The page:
You could argue that luxury has always been about experience - access to exclusive events, white-gloved service, customisation while you wait, and extravagant gift wrapping. These and others like them have become the luxury codes and rituals repeated in one form or another across the spectrum of high-end brands for decades. Therein lies the problem: a homogenised sector with an experience model which has lost touch with what matters to its consumers.

Louis vuitton virgil abloh luxury brand experience
credit: Louis Vuitton/Daici Ano

Luxury today

The luxury sector is something of a paradox - simultaneously being early adopters and champions of creativity, talent and innovation, whilst also being made up of some of the most traditional and conservative brands relying on entrenched luxury codes.

By 2025, 45% of the luxury market will be made up of Millennials and Gen Z. These principled and purpose-driven consumers are turning their backs on traditional tribal consumer behaviour, with a preference for signalling and optimising ‘me’. This emerging generation of luxury consumer has fuelled one of the defining trends in the last decade - a widespread casualisation of the luxury sector, most conspicuously in the world of fashion. Young creative talent from streetwear brands bring cool by association, none more so than Louis Vuitton’s Artistic Director Virgil Abloh, who has driven a revitalisation of the brand and genuine innovation in the overall customer experience. But where LV has led, others have followed, resulting in a cookie-cutter homogenisation of the sector.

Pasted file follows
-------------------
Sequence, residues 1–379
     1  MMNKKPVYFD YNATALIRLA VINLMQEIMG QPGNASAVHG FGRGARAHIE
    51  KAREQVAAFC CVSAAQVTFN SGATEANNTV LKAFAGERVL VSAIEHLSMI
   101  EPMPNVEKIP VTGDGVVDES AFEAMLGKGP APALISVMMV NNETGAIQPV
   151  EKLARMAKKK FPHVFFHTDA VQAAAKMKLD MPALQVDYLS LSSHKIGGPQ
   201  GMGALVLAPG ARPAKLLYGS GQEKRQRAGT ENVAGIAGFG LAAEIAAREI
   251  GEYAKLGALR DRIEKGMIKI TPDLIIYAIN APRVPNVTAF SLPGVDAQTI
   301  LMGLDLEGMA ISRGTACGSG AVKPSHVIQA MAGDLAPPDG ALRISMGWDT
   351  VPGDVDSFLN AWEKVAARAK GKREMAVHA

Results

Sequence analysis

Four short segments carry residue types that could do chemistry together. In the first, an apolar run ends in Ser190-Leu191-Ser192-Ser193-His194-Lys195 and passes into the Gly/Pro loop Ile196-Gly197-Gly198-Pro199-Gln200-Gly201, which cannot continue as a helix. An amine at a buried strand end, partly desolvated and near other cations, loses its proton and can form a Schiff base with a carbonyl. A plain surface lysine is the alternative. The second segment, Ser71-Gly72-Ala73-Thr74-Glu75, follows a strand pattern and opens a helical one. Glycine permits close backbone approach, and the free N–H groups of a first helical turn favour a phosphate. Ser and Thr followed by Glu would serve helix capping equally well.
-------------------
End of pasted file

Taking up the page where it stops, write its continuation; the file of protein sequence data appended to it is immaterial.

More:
Luxury logos
credit: business of fashion

What this brings to light is a sector preoccupied with the zeitgeist, and brands wary of polarising for fear of alienating their customers. This is exacerbated by the allure of growth in developing markets where notions of luxury tend to be more static and traditional. Another celebrity endorsement? Go on then. More marble? Yes, please.

Luxury brands are masters of cultivating brand image and highly evolved storytelling, but what we see is essentially a marketing approach - a surface veneer applied across touchpoints and channels, not true brand experience. Can you name more than one purpose-led luxury brand amongst the major players of the LVMH or Kering groups?

So, what’s the answer?

It’s time to tear up the luxury rulebook and redefine outdated experience codes for a new generation of values-driven consumers who seek knowledge, self-betterment and experiences that position them as the star in their own story. Our 6Ps framework - looking at the role of purpose, personality, people, place, process and product - enables us to define engaging and unique luxury brands led by purpose and innovative new ways for them to live, and evolve, as a total experience.

Purpose